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Monday, September 24, 2012

An Order: Read Sowell on Say's Law

I am re-reading Sowell's wonderful book, Say's Law: An Historical Analysis. If you want to read a fascinating history and understand the theoretical issues at play more clearly, do pick it up. In any case, a will, as usual, comment occasionally as I read, starting here.

The first thing of note is, come on, this is Thomas Sowell. He is a fairly market friendly, "right-wing" economist, and no "born again Keynesian," as I was recently accused of being. So if he says that Say came to agree with Malthus, well, perhaps he is wrong, but it's not because he wants to throw the decision to the opponents of Say's Law; he is just being honest.

And when he writes, in his very first sentence, "The idea that supply creates its own demand -- Says' Law..." he is not trying to back Keynes, he is letting us know that is a pretty darned good way to summarize Say's Law.

He also shows that the case made by the general glut theorists was often misinterpreted by defenders of Say's Law. For instance, he writes, "Despite the advances in mutual understanding finally achieved by some of the main participants in the general glut controversy, John Stuart Mill... in 1848 proceeded with precisely the same arguments -- and precisely the same misinterpretations of the general glut theories -- that the supporters of Say's Law had put forth... nearly three decades earlier." As Sowell describes the situation, Mill essentially granted the case of the general glut theorists without acknowledging as much, while also holding that Say, Mill's own father, and Ricardo had won a crushing victory in their intellectual debate against them.

Over a century later we can find Henry Hazlitt doing the same thing. He tries to show how "devastating" the response of the defenders of Say's Law was to the general glut theorists by claiming the general glut theorists forgot the following "qualifications" to Say's Law:

1) The can be a temporary period of "crisis of confidence" where everyone thinks prices will continue to drop and so won't buy goods at current prices, and inventories pile up;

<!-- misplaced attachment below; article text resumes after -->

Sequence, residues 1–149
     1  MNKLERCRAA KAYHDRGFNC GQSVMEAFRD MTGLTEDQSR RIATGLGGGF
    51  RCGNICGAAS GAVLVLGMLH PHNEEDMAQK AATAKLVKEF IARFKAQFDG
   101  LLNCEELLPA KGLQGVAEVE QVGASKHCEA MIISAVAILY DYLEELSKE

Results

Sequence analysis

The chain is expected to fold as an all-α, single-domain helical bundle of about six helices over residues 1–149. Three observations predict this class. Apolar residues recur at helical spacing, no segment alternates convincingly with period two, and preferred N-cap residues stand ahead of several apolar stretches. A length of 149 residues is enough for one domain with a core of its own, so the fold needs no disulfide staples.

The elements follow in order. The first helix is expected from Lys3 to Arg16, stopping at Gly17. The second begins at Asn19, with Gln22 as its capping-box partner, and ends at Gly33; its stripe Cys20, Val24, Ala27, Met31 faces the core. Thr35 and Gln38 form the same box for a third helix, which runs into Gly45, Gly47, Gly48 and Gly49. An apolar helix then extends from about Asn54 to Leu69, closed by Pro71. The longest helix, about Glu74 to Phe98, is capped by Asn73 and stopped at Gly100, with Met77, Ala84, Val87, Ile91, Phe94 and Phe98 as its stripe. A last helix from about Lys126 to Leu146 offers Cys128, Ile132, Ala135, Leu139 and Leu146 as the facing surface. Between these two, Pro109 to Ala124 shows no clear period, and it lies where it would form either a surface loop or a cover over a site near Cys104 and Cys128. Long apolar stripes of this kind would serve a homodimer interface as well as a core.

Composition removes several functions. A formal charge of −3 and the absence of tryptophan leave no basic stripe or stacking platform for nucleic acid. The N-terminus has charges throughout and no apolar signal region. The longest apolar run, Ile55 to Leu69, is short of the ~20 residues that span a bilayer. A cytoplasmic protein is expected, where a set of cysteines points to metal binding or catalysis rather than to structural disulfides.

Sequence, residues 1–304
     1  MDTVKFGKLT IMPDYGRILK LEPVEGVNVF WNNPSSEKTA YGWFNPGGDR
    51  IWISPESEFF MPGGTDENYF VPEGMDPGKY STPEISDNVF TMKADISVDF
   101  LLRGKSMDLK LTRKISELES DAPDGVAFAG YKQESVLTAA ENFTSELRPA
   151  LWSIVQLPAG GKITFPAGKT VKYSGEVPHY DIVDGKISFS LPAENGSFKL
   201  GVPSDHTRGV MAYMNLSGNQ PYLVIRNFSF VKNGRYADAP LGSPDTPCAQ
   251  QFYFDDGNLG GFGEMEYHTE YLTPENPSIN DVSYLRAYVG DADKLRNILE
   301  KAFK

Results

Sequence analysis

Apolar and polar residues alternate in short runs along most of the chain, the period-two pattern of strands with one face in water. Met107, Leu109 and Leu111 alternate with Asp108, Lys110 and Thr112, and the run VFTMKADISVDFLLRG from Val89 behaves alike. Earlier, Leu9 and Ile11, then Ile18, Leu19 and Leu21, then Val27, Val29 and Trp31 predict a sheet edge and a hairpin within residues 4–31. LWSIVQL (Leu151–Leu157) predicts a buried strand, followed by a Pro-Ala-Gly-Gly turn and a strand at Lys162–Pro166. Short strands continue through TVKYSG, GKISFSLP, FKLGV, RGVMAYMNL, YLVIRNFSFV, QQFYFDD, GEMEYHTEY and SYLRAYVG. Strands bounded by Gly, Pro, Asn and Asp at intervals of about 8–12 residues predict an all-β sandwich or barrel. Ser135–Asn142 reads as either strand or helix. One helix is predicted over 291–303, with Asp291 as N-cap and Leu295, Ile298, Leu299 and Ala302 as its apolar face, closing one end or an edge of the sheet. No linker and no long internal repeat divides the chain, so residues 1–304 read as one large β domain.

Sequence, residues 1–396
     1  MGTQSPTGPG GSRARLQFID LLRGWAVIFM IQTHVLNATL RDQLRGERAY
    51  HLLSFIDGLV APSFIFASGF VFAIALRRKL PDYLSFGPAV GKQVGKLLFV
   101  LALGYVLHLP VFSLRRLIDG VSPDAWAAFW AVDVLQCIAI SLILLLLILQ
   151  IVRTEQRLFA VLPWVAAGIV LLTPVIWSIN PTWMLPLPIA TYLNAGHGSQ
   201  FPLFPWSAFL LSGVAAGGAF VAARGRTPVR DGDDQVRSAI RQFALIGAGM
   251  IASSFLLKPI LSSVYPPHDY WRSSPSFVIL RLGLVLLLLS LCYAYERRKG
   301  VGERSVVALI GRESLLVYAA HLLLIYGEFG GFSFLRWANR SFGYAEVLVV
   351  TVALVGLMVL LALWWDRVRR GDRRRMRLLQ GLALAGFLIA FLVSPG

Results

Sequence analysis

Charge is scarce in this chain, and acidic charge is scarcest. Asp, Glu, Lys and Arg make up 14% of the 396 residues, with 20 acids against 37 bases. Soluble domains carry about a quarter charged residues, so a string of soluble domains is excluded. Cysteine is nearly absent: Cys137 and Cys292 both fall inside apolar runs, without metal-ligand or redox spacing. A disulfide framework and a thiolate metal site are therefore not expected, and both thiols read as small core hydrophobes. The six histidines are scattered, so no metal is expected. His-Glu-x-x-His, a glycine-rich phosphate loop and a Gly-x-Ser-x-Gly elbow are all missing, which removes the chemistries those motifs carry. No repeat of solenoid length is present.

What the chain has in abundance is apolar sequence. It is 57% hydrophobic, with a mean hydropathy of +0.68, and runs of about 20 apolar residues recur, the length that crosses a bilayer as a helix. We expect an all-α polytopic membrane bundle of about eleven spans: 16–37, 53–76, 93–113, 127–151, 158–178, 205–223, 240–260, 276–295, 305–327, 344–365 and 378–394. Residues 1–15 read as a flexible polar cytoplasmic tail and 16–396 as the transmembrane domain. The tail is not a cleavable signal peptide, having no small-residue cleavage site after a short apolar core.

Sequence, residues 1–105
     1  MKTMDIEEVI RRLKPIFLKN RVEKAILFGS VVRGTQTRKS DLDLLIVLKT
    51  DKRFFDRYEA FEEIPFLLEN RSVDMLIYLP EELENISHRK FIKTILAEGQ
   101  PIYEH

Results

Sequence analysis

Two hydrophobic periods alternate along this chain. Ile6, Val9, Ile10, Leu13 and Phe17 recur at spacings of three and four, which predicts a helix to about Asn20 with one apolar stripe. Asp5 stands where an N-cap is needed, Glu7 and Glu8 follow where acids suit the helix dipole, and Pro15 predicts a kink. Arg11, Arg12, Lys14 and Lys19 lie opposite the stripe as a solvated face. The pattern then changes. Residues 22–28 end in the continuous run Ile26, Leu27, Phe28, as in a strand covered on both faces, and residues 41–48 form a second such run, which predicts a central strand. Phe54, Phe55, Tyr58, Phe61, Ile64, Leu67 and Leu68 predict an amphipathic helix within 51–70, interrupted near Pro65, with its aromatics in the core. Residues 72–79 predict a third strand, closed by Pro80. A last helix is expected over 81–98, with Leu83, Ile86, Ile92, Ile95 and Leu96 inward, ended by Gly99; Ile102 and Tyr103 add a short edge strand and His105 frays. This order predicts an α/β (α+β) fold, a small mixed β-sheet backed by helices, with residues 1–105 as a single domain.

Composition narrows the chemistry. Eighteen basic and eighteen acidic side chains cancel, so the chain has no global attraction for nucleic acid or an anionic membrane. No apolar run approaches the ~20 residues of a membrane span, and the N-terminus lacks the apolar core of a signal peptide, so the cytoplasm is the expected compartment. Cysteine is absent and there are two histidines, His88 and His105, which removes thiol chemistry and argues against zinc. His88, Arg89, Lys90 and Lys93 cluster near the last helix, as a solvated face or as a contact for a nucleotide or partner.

2) There can a "sectoral imbalance" between money and all other goods for a temporary period, so that people prefer money to other goods until that imbalance works itself off; and
3) It may be the case that goods cannot be sold at prices that cover their costs of production.

Well, those three points simply are the case made by the general glut theorists! It is as if a defense attorney tried to defeat the prosecution by declaring, "Given we admit our client committed the murder, what is left of the prosecution's case?"

Hazlitt at least had the excuse that Sowell's book hadn't been written yet when he wrote the aforementioned passages. I don't know what excuse people have for taking these views today, except that they can't be bothered to0 actually read up on something before they call others "ignorant" on the topic!


10 comments:

  1. I like a lot of what you have been doing in these recent blog posts.

    I do think there are certain things in Keynes that Hazlitt was trying to get at in those passages that continues to be problematic. There is some sense among Samuelson and many modern Keynesians that there is some aspect of aggregate demand that isn't captured in whether or not there is sufficient M*V out there to buy up all the goods at the current vector of prices. Garrison gets into it a bit in Time and Money and I've seen people say that online. If Hazlitt can be presented as attacking that, some of what he said is somewhat defensible.

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  2. Good evening, Dr. C.

    Forget Say's Law. What do you think about the controvery surrounding the Packers/Seahawks game?

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  3. In the winter 2006 edition of the Quarterly Journal of Austrian Economics, David Gordon wrote a very favorable review of Thomas Sowell's "On Classical Economics." On page 71 and 72 of this review he does, however, criticize Sowell as having gone badly astray in two areas. One of these areas was his (Sowell's) belief that Malthus and Sismondi had raised valid objections to Say's Law. Have you, Dr. Callahan, read this review and if you have, what do you think of Dr. Gordon's belief that Dr. Sowell went astray in this area? I would provide the link, but I don't know what the rules are regarding that. Thank you.

    Senyor

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    1. Neither Gordon nor Rothbard is apparently aware that Say finally conceded! Sowell knows this history much, much better than either of them.

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    2. Thank you very much for your reply! I will try to see if Dr. Gordon has any response to what you said. Over on Dr. Murphy's blog I asked him about your criticism of Rothbard's MES critique of Keynes on the multiplier. He didn't comment on my question. I know he is busy, so I will try to ask him the same question again later. I have said on this site before that I wish people would try to deal with concrete points when they are made. Thank you for responding to my concrete point! I am NOT trying to start fights, I am just trying to learn what is the truth on whatever subject is in question. Is this reasoning, trying to settle a point before moving on, what is called scholastic reasoning?